The weather during the conventions in Poland tested the spirit and endurance of the delegates. Not only did it rain most of the time but it was also quite chilly—about 57 degrees Fahrenheit [14°C]. A brother from the United States observed: “It was the worst weather and the lowest temperature I have ever experienced at a convention, and I understood little of the program. But the incredible international atmosphere, the wonderful spirit, and the unique hospitality made up for all of that. This convention was unforgettable!”
Something that was unforgettable for Polish-speaking conventioners was the announcement of the release of Insight on the Scriptures in Polish—a wonderful reward for their endurance of the cold and rain. The release of the new publication Live With Jehovah’s Day in Mind was also met with joy at all the “Deliverance at Hand!” Conventions.
Many of those present will remember the convention for other reasons. Kristina, a Czech sister who volunteered to accompany a bus group of delegates from overseas, recalls: “During our farewell a sister took me to one side, hugged me, and said: ‘I felt so well cared for! You brought food right to our seats and even provided us with water to drink. Many thanks for your self-sacrificing love.’” What she referred to was the provision of lunch for overseas delegates. “It was a kind of work for which we had no previous experience,” explained one brother. “The task involved the delivering of nearly 6,500 lunches each day. It was touching to see how many, including children, volunteered to help.”
A sister who traveled to Chorzow from Ukraine for the convention said: “We are deeply moved by the love, care, and generosity shown by our fellow believers. We cannot find the words to express our gratitude.” And eight-year-old Annika from Finland wrote to the branch office of Jehovah’s Witnesses in Poland: “The convention was even more wonderful than I could have imagined. It is excellent to belong to Jehovah’s organization, since one has friends all over the world!”—Psalm 133:1.
Comments From Onlookers
Before the conventions, sightseeing tours were arranged for some of the delegates. In the Bavarian countryside, the visitors stopped at Kingdom Halls, where local Witnesses welcomed them. One tour group’s non-Witness guide was most impressed with this expression of brotherly affection. “On the bus back to our hotel,” a delegate reports, “the tour guide said that we were very different from other tour groups. We were nicely dressed, and all cooperated with those taking the lead in the group. There was no cursing and no confusion. She was amazed at how strangers could instantly become such good friends.”
A brother who worked at the News Service Department at the Prague convention relates: “On Sunday morning, the officer in charge of the policemen assigned to the convention visited us. He noted that peace reigned and said that he had nothing to do. He also mentioned that some local residents in the area around the stadium had inquired regarding the nature of the program. When he mentioned Jehovah’s Witnesses, they usually shuddered, at which the officer would tell them: ‘If people behaved half as well as Jehovah’s Witnesses do, the police wouldn’t even have to exist.’”
Many Already Delivered!
God’s Word, the Bible, serves as a bridge between cultures, bringing Christians together in peace and unity. (Romans 14:19; Ephesians 4:22-24; Philippians 4:7) The “Deliverance at Hand!” special conventions proved this. Jehovah’s Witnesses have already been delivered from many of the plagues that afflict this world. Intolerance, aggression, and racism—to name but a few of society’s ills—have all but been eliminated among them, and they look forward to the time when the whole world will be free of such problems.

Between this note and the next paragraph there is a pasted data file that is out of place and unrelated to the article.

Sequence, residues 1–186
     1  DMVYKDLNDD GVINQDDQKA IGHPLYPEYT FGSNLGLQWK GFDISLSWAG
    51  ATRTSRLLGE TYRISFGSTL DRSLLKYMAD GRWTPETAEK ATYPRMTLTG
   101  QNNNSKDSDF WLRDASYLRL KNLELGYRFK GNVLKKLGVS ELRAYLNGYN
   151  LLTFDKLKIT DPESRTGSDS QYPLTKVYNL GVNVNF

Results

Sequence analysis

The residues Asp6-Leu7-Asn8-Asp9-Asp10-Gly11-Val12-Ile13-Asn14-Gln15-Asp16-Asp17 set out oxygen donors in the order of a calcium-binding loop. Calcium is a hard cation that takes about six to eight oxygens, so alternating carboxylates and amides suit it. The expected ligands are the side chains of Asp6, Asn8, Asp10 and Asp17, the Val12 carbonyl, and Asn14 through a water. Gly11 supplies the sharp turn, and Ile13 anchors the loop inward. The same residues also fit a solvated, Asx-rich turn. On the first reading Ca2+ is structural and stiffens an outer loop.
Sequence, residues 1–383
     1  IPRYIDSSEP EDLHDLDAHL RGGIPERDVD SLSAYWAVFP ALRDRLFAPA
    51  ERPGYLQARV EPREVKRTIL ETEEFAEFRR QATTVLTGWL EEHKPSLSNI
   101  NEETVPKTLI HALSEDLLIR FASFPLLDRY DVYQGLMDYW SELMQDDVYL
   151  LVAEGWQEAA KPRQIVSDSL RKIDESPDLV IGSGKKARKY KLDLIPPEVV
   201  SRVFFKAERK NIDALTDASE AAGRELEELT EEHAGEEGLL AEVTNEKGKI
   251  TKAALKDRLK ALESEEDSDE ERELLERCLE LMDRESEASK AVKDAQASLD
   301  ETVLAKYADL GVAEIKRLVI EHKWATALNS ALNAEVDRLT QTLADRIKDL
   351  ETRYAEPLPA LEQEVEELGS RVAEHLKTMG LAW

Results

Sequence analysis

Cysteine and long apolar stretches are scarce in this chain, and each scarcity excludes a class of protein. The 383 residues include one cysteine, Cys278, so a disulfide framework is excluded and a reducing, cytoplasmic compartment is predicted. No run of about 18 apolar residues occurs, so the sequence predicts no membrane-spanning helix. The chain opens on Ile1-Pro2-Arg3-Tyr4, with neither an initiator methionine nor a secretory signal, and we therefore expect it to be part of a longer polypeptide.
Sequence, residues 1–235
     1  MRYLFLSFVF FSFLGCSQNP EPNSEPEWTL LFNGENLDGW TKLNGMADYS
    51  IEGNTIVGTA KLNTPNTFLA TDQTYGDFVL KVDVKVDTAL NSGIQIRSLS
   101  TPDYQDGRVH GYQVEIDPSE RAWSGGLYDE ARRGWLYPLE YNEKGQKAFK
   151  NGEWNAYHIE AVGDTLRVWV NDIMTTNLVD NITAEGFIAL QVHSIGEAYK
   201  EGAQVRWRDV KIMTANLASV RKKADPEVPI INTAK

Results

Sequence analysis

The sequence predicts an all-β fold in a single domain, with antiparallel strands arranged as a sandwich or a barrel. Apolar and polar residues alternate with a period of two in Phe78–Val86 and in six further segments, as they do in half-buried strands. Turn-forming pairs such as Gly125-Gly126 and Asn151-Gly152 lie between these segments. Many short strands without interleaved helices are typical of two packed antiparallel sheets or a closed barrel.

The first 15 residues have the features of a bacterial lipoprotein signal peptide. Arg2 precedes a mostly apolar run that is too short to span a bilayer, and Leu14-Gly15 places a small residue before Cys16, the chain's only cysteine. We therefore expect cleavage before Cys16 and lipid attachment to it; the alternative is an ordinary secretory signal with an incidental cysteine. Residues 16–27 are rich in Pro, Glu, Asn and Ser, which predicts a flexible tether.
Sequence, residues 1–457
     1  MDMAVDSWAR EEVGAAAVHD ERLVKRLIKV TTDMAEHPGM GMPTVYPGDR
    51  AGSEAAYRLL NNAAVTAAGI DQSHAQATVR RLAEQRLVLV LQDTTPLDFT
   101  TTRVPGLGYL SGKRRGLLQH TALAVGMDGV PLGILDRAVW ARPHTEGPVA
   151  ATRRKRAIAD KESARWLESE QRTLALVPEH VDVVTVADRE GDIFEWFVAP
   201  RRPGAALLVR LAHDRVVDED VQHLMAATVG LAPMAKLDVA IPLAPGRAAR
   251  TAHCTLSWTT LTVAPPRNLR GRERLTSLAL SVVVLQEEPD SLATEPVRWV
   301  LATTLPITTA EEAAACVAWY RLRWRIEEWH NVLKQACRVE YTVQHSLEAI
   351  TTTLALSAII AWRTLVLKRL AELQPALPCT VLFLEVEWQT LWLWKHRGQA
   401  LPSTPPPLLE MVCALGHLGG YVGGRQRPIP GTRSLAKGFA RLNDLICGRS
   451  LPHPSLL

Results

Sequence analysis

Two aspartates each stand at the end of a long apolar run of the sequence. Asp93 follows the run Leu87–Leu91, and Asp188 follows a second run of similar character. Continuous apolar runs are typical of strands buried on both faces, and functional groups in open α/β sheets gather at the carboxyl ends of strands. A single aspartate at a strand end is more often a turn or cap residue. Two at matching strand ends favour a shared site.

Those who attended these conventions experienced firsthand the unity that exists among Witnesses from different lands and cultures. This was very evident at the conclusion of the conventions. All were applauding, hugging new friends, and taking the last photos. (1 Corinthians 1:10; 1 Peter 2:17) Happy and convinced that deliverance from all troubles and cares is at hand, the delegates returned to their homes and congregations with renewed determination to keep a very tight grip on God’s “word of life.”—Philippians 2:15, 16.
Six other convention sites throughout Poland and one in Slovakia were tied in electronically for the international parts of the program.
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Twenty-Five Languages Speaking as One
At all nine conventions, the program was presented in the local language. During the conventions in Germany, the discourses were also delivered in 18 other languages. In Dortmund talks were presented in Arabic, Farsi, Portuguese, Spanish, and Russian; at Frankfurt in English, French, and Serbian/Croatian; at Hamburg in Danish, Dutch, Swedish, and Tamil; at Leipzig in Chinese, Polish, and Turkish; and at Munich in Greek, Italian, and German Sign Language. The Prague convention had all the discourses in Czech, English, and Russian. At Bratislava the program was in English, Hungarian, Slovak, and Slovakian Sign Language. At Chorzow the languages were Polish, Russian, Ukrainian, and Polish Sign Language. And in Poznan, they were Polish and Finnish.
Twenty-five languages in all! Truly, the conventioners were divided by language, but they were united by their love.
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Croatian delegates in Frankfurt were delighted to receive the “New World Translation” in their own language